- The Washington Times - Monday, April 13, 2009

WASHINGTON (AP) - What goes around comes around.

The USS Bainbridge, which organized the rescue of an American ship captain from Somali pirates, was named for Commodore William Bainbridge, who was held prisoner by the Barbary pirates from 1803 to 1805.

During the American Revolution, Bainbridge’s first command was the schooner Retaliation.

And it was snipers shooting from Bainbridge _ the ship _ that brought an end to the hostage situation off the coast of Africa.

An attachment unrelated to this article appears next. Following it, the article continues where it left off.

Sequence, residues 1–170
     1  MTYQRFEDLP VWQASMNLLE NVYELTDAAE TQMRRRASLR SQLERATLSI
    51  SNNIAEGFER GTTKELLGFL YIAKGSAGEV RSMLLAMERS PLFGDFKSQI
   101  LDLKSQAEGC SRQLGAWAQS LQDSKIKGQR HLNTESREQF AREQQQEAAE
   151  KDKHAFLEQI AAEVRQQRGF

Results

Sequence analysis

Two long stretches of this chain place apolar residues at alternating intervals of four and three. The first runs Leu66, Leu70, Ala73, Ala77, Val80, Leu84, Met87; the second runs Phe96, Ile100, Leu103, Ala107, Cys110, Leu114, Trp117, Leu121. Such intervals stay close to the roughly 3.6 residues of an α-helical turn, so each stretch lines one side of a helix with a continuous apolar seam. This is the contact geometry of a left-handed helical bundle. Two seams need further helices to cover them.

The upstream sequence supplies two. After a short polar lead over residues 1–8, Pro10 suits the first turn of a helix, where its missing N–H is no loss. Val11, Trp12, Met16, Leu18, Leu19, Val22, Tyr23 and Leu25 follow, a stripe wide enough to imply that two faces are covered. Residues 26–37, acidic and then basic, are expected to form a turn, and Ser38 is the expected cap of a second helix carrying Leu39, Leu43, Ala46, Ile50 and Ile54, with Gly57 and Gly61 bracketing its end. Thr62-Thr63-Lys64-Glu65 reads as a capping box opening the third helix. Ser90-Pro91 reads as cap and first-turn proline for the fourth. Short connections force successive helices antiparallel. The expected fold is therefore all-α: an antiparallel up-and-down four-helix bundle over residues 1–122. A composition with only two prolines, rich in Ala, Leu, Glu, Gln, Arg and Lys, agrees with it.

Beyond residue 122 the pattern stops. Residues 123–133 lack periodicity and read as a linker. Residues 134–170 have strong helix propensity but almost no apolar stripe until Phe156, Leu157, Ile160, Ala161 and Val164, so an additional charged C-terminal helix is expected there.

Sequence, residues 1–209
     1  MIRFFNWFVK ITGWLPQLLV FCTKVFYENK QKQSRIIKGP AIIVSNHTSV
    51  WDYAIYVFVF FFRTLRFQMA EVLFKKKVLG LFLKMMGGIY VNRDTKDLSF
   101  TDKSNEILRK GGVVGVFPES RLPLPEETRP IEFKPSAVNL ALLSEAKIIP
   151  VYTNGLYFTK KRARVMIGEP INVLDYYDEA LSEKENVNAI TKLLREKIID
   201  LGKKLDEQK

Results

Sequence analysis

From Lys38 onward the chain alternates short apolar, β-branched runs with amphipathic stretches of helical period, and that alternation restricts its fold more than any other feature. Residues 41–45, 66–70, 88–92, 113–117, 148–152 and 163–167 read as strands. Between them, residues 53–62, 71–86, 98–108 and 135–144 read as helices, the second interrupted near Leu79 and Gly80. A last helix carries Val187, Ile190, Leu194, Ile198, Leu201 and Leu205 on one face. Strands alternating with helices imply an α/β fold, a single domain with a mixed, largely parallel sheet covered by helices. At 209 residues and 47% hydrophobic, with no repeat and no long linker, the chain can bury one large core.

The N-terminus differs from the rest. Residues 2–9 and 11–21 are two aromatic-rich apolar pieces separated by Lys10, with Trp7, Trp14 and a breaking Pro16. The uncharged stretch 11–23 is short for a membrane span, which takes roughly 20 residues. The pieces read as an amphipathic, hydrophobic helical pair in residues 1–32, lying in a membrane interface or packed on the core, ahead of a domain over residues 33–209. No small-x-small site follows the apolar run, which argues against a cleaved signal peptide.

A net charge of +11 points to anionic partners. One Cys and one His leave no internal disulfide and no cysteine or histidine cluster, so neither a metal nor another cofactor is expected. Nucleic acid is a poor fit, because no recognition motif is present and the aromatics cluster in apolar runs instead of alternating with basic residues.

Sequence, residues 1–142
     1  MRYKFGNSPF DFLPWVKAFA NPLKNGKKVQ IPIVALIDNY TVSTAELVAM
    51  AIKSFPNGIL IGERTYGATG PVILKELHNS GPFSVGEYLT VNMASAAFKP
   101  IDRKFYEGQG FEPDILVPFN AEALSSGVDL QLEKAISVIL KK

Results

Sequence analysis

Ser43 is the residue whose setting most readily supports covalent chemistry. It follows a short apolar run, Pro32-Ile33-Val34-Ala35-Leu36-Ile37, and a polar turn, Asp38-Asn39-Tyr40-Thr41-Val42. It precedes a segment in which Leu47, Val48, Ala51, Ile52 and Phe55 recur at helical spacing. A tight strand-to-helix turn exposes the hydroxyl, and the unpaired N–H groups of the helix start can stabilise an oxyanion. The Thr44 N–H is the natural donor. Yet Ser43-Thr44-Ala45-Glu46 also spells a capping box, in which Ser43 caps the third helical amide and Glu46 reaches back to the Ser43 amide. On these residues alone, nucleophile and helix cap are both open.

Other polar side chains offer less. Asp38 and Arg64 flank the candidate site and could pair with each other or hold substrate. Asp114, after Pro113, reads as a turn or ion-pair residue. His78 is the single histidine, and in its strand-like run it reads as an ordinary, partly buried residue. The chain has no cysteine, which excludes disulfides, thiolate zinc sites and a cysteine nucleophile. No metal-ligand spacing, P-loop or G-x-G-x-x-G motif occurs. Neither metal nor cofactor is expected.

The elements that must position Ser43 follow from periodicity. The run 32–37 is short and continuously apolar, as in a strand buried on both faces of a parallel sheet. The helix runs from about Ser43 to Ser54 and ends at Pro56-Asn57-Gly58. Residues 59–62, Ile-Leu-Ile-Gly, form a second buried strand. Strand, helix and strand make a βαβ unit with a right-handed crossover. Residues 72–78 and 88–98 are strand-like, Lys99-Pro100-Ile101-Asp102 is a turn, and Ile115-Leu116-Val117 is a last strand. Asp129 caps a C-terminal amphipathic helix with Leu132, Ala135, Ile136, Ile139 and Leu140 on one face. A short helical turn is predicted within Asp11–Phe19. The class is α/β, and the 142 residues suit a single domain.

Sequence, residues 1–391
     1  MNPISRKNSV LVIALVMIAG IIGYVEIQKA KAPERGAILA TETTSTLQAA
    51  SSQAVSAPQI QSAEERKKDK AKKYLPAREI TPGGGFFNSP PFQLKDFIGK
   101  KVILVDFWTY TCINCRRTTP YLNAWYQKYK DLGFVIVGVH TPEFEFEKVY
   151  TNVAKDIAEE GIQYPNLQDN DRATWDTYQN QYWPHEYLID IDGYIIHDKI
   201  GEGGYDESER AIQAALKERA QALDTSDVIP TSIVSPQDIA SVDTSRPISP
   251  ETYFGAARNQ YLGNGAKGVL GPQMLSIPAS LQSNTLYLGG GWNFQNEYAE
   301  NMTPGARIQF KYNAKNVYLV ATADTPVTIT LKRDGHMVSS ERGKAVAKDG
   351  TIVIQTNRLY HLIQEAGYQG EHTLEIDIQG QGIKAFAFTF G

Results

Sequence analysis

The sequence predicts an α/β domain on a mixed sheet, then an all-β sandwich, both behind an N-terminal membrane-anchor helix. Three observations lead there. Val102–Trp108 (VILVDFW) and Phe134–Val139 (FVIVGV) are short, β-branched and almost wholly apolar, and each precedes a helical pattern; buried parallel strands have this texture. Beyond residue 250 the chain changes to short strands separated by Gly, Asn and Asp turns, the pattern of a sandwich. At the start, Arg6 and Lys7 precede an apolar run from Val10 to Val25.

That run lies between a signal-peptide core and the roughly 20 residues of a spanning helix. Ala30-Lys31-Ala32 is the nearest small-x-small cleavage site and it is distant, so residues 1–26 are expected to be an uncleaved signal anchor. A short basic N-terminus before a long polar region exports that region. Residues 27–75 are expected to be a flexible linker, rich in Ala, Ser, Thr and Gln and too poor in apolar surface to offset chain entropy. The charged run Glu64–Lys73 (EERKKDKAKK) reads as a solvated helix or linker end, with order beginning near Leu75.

That sniper fire is the latest event in a long saga.

In one of the most famous cases, British Adm. Lord Nelson was killed in the Battle of Trafalgar by a French sniper firing from the rigging of a ship.

Indeed, in the era of sailing warships it was common practice to send marksmen into the rigging to shoot at enemy vessels.

This was one of the early duties of the U.S. Marines and the four-pointed quatrefoil design, on the top of Marine officers caps, reportedly originated as a way for Marine snipers in the rigging overhead to identify their own officers and avoid shooting them.

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